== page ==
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New Onset Kidney Impairment Study (NewKI), follow-on study to the Oxford Renal Study (OxRen)

 Status: Follow Up
0808 2524539 (free phone)


What is Chronic Kidney Disease?

Chronic Kidney Disease (CKD) is a worldwide health problem associated with high morbidity and mortality and its prevalence is increasing. Decreased renal function is a well known predictor of hospitalisation, cognitive dysfunction and reduced quality of life. Cardiovascular disease (CVD) is the primary cause of morbidity and mortality in this population where CKD is regarded as both an accelerator of CVD risk and an independent risk factor for CVD events. Even the earliest stages of CKD are known to be associated with significantly increased risks of cardiovascular morbidity, premature mortality, and decreased quality of life. While the CVD risk in end stage renal failure is high, the healthcare burden resides in early stages of disease as it is more prevalent, affecting around 35% of those over 70 years.

Early stages of CKD are defined on the combination of kidney damage (quantified with evidence of renal damage - imaging or proteinuria) and decreased kidney function (defined as glomerular filtration rate [GFR] estimated from serum creatinine concentration). The National Institute for Clinical Excellence (NICE) recommends using urine creatinine concentration for estimation of GFR using the Modification of Diet in Renal Disease study (MDRD) four variable equation. Since CKD is usually asymptomatic until later stages of the disease (Stage 4+), it may be beneficial to establish efficient detection mechanisms for patients with early-stage CKD. Further, NICE highlight the need for strategies aimed at earlier identification and (where possible) prevention of progression to established renal failure.

What is OxRen?

OxRen is a prospective longitudinal cohort study of 3,200 patients aged 60 years and over in primary care within the Thames Valley region. CKD is common and increasing in prevalence. Cardiovascular disease (CVD) is a major cause of morbidity and death in CKD, though of a different phenotype to the general CVD population. However, there have been relatively few studies detailing the prevalence, incidence and progression of CKD in the UK and no studies collecting primary data on the utility of screening for CKD in the general population. Furthermore, alternative renal biomarkers may have greater accuracy for cardiovascular risk stratification but their predictive role as assessed in prospective studies has not been established. The OxRen population is now being followed up for life in the NewKI study to elucidate the progression and prognosis for CKD during the various stages of the disease.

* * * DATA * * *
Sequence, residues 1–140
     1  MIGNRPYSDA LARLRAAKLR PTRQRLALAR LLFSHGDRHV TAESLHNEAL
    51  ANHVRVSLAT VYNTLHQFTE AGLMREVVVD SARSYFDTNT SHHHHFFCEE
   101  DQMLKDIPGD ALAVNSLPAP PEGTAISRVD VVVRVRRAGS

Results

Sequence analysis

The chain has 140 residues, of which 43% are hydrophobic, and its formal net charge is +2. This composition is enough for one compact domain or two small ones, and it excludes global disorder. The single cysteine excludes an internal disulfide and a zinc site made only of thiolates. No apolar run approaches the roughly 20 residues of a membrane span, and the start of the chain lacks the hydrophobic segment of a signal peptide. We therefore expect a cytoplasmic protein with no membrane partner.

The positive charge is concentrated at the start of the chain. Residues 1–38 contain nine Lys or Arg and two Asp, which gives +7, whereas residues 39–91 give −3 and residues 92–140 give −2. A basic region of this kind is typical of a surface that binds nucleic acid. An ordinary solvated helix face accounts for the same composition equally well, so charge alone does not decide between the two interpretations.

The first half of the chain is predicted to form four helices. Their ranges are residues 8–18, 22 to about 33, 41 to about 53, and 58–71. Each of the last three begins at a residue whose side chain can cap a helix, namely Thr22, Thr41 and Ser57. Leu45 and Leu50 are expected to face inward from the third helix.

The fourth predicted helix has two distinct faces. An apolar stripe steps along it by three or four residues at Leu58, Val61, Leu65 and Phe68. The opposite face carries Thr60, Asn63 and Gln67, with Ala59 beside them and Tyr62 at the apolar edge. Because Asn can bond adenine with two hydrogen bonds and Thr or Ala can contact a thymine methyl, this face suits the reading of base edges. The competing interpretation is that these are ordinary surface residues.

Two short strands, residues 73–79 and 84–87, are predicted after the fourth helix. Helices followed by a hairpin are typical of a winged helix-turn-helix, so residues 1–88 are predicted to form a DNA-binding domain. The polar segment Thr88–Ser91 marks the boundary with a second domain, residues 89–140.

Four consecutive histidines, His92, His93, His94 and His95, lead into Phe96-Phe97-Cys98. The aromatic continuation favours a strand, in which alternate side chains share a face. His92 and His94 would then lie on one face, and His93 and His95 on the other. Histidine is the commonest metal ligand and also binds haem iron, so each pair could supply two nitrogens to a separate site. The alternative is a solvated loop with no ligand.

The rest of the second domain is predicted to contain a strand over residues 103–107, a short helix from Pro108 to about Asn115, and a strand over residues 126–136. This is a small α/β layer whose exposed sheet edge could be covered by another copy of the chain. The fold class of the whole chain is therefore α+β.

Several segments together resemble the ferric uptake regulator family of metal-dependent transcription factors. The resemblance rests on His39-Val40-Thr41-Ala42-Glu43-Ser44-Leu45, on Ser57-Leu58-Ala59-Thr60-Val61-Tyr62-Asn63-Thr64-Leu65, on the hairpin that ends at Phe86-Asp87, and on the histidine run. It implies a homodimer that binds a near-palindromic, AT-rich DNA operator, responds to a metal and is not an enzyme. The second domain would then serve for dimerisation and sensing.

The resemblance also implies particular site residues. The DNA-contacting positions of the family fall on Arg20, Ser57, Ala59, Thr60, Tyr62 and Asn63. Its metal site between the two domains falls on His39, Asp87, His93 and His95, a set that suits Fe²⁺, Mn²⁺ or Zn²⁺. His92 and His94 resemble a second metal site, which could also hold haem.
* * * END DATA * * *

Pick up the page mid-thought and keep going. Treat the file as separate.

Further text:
Lay Summary
Kidney function declines slowly with age and reduced kidney function is termed chronic kidney disease. Around 1 in 10 people have mild CKD. Although only a small proportion of this group will progress to severe kidney disease requiring dialysis or transplantation, CKD also puts people at high risk of cardiovascular disease, in particular stroke, heart failure and sudden death. Even people with very mild CKD have premature stiffening and reduced function of their heart and major arteries. Although CKD is recognised as an increasing problem there have been relatively few studies describing the people who have been diagnosed with the disease. In the OxRend and NewKI studies we will see how many new people are diagnosed with CKD and what happens to everyone over a long period of time (10 years) in order to see what treatments improve, or stop the worsening of kidney function and risk of cardiovascular disease.

Ongoing work

  • Identifying predictors of cardiovascular disease and mortality 

  • Establishing the impact of screening for CKD on treatment and health outcomes

  • Quality of life in people with CKD.

  • Incidence of CKD: To be established through linkages with routinely collected health records.

What is the primary aim?

To establish the prevalence, incidence and progression of CKD in a population demographically representative of the UK general population.

Want to know more?

For GPs   For Patients   For Researchers
If you wish your to express an interest for your surgery to be part of OxRen and are based in the Thames Valley region then you may contact your local Primary Care Research Network via their website. Alternatively you can email us on   If you wish to keep up to date with this study then please bookmark this page for the latest news. For patients who wish to be part of the study your GP surgery needs to be part of the OxRen network. You can ask your GP or feel free to email us at   If you wish to keep up to date with the project then please bookmark this page. If you would like to collaborate in this area of research then please email the Renal Programme lead, Jennifer Hirst.                                                                         


  • Identifying predictors of cardiovascular disease and mortality
  • Establishing the impact of screening for CKD on treatment and health outcomes